Renaissance composers

Events

John Dunstable

Approx. 1390 - 24 December 1453

was an English composer of polyphonic music of the late medieval era and early Renaissance periods. He was one of the most famous composers active in the early 15th century, a near-contemporary of Leonel Power, and was widely influential, not only in England but on the continent, especially in the developing style of the Burgundian School.

The spelling "Dunstaple" is preferred by Margaret Bent, since it occurs in more than twice as many musical attributions as that of "Dunstable". The few English musical sources are equally divided between "b" and "p"; however, the contemporary non-musical sources, including those with a claim to a direct association with the composer, spell his name with a "p." Both spellings remain in common usage.

Guillaume Dufay

5 August 1397 - 27 November 1474

was a Franco-Flemish composer of the early Renaissance. A central figure in the Burgundian School, he was regarded by his contemporaries as one of the leading composers in Europe in the mid-15th century

invention of printing press by J.Gutenberg

1440

Johannes Ockeghem

Approx. 1450 - 27 August 1521

was the most famous composer of the Franco-Flemish School in the last half of the 15th century, and is often considered the most influential composer between Guillaume Dufay and Josquin des Prez. In addition to being a renowned composer, he was also an honored singer, choirmaster, and teacher.

Juan De Enzina

12 July 1468 - 1529

was a composer, poet and playwright,[2]:535 often called the founder, along with Gil Vicente, of Spanish drama.[1] His name at birth was Juan de Fermoselle.[1]

Ludwig Senfl

1486 - 2 December 1542

was a Swiss composer of the Renaissance, active in Germany. He was the most famous pupil of Heinrich Isaac, was music director to the court of Maximilian I, Holy Roman Emperor, and was an influential figure in the development of the Franco-Flemish polyphonic style in Germany.

Claudin de Sermisy

Approx. 1490 - 13 October 1562

was a French composer of the Renaissance.[1] Along with Clément Janequin he was one of the most renowned composers of French chansons in the early 16th century; in addition he was a significant composer of sacred music. His music was both influential on, and influenced by, contemporary Italian styles.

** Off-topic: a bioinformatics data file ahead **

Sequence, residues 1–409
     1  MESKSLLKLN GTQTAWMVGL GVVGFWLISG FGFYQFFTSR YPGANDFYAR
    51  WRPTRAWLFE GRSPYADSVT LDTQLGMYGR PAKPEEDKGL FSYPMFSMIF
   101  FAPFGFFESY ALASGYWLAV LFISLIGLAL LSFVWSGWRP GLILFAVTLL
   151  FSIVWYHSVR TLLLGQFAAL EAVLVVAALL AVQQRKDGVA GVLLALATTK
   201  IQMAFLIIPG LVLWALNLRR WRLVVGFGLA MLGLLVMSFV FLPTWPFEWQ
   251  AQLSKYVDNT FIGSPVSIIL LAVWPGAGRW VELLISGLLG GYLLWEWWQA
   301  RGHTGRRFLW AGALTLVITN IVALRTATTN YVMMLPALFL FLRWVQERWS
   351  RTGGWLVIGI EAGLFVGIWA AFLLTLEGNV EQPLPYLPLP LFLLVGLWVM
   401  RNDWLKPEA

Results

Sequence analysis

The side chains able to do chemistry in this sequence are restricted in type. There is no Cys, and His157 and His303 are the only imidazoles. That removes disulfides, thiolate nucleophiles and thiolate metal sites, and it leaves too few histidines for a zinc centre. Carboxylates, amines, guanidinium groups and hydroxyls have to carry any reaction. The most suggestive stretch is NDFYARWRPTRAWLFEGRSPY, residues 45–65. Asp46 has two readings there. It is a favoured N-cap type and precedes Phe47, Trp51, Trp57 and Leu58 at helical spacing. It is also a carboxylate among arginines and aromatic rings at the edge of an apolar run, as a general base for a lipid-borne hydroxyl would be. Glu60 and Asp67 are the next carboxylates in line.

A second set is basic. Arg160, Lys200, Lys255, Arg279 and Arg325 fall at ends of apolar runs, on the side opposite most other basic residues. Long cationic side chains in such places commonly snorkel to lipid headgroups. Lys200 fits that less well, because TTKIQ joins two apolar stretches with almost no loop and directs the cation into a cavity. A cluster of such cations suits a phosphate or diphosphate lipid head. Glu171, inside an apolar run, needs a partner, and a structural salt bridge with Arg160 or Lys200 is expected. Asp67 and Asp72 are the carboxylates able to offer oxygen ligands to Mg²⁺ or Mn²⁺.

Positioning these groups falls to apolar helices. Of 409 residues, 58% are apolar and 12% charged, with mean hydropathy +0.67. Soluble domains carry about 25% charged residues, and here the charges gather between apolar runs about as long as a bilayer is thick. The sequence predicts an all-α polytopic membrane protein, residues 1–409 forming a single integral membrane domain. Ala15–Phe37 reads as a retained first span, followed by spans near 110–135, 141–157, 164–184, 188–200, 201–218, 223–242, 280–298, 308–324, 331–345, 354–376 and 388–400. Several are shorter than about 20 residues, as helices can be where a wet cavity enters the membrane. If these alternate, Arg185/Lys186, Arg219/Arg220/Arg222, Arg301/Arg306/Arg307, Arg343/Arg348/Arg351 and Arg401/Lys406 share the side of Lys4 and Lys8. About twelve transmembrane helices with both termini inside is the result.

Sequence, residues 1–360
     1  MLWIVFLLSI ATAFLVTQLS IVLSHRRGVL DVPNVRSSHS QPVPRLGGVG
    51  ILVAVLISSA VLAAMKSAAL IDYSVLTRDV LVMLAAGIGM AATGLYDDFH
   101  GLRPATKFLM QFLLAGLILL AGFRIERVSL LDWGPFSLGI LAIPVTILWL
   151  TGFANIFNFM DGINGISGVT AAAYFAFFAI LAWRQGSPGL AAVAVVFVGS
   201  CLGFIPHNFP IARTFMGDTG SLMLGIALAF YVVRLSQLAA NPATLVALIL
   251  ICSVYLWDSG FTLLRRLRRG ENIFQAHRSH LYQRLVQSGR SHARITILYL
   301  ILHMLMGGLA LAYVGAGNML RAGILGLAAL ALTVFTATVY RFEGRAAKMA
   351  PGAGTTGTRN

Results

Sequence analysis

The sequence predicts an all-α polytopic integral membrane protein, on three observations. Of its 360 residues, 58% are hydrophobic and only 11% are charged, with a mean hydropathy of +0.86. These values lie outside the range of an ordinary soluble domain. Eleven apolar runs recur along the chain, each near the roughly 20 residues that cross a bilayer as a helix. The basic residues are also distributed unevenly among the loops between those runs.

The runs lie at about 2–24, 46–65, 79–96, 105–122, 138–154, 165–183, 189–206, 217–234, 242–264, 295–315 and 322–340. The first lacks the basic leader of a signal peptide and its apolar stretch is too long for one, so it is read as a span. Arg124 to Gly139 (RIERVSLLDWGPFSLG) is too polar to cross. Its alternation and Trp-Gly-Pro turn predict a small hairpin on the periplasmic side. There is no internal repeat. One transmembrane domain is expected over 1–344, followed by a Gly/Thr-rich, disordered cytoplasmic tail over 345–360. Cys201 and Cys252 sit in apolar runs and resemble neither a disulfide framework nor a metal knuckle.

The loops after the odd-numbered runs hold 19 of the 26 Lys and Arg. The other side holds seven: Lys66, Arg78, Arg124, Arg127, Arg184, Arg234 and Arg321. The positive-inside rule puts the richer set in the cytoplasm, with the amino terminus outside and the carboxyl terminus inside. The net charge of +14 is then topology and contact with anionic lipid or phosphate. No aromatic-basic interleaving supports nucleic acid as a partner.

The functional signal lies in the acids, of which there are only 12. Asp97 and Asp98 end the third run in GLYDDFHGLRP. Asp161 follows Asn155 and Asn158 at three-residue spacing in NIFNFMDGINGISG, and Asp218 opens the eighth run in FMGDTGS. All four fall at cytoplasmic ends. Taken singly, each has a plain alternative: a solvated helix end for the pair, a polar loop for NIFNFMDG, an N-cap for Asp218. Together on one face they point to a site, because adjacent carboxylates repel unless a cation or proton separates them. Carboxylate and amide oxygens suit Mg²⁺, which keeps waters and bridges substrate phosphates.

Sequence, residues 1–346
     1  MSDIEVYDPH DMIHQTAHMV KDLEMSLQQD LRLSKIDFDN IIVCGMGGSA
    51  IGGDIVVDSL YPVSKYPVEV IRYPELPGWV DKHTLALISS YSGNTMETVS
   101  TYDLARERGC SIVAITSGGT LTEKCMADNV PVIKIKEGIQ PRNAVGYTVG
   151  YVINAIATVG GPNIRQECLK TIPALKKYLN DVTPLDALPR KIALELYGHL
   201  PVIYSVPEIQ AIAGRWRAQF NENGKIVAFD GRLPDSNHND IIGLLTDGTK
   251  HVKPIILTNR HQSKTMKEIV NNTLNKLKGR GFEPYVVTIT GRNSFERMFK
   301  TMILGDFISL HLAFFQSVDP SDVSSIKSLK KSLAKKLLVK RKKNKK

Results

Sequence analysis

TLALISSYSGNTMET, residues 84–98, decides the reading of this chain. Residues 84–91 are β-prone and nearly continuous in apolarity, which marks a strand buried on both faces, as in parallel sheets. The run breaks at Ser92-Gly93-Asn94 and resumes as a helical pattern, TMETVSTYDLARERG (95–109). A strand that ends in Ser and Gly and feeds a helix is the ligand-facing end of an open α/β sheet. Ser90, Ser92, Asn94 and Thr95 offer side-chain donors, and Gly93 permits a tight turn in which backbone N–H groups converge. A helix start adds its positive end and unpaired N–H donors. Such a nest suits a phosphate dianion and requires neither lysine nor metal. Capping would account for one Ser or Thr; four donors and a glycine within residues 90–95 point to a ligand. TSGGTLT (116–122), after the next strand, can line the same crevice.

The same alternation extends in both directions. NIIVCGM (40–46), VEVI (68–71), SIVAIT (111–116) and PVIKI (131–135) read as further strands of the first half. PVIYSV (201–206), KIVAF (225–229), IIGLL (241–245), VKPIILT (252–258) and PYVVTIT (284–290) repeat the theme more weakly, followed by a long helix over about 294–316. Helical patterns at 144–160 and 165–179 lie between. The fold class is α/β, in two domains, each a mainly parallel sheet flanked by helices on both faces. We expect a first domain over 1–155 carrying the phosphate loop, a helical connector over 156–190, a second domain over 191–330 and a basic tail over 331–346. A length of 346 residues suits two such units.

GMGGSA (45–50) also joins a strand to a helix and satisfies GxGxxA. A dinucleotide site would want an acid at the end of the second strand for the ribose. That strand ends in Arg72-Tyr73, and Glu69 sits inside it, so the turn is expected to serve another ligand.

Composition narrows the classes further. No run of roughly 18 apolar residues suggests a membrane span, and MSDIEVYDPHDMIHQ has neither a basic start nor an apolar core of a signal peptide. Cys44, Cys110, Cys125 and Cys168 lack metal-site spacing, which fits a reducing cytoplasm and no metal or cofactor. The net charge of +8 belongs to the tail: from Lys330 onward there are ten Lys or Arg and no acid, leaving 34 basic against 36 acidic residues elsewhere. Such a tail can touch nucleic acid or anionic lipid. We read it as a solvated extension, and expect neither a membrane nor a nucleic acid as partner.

Christopher Columbus Discovered America

1492

Luis De Narvaez

Approx. 1500 - Approx. 1555

was a Spanish composer and vihuelist. Highly regarded during his lifetime, Narváez is known today for Los seys libros del delphín, a collection of polyphonic music for the vihuela which includes the earliest known variation sets. He is also notable for being the earliest composer for vihuela to adapt the contemporary Italian style of lute music.

Cristóbal de Morales

Approx. 4 September 1500 - 7 October 1553

was a Spanish composer of the Renaissance. He is generally considered to be the most influential Spanish composer before Victoria.[citation needed]

Andrea Amati

Approx. 1505 - 26 December 1577

Amati is credited with making the first instruments of the violin family that are in the form we use today.[3] According to the National Music Museum in Vermillion, South Dakota:

It was in the workshop of Andrea Amati (ca. 1505-1577) in Cremona, Italy, in the middle of the 16th century that the form of the instruments of the violin family as we know them today first crystallized.

Several of his instruments survive to the present day, and some of them can still be played.[3][4] Many of the surviving instruments were among a consignment of 38 instruments delivered to Charles IX of France in 1564.

Antonio de Cabezón

30 March 1510 - 26 March 1566

was a Spanish Renaissance composer and organist. Blind from childhood, he quickly rose to prominence as a performer and was eventually employed by the royal family. He was among the most important composers of his time and the first major Iberian keyboard composer.

Publication of Marthin Lutlet s themes

1517

Palestrina

30 September 1525 - 2 February 1594

was an Italian Renaissance composer of sacred music and the best-known 16th-century representative of the Roman School of musical composition.[2] He had a lasting influence on the development of church music, and his work has often been seen as the culmination of Renaissance polyphony.[2]

Francisco Guerrero

4 October 1528 - 8 November 1599

was a Spanish composer of the Renaissance. He was born and died in Seville.

Henry VIII became Supreme Head of the church in England

1531

Trento s Council

1545

Tomas Luis de Victoria

Approx. 1548 - 27 August 1611

was the most famous composer in 16th-century Spain, and was one of the most important composers of the Counter-Reformation, along with Giovanni Pierluigi da Palestrina and Orlando di Lasso. Victoria was not only a composer, but also an accomplished organist and singer as well as a Catholic priest. However, he preferred the life of a composer to that of a performer.[1]

Monteverdi

15 May 1567 - 29 November 1643

was an Italian composer, gambist, singer, and Catholic priest.[2]

Monteverdi is considered a crucial transitional figure between the Renaissance and the Baroque periods of music history.[3] While he worked extensively in the tradition of earlier Renaissance polyphony, such as in his madrigals, he also made great developments in form and melody and began employing the basso continuo technique, distinctive of the Baroque.[4] Monteverdi wrote one of the earliest operas, L'Orfeo, which is the earliest surviving opera still regularly performed.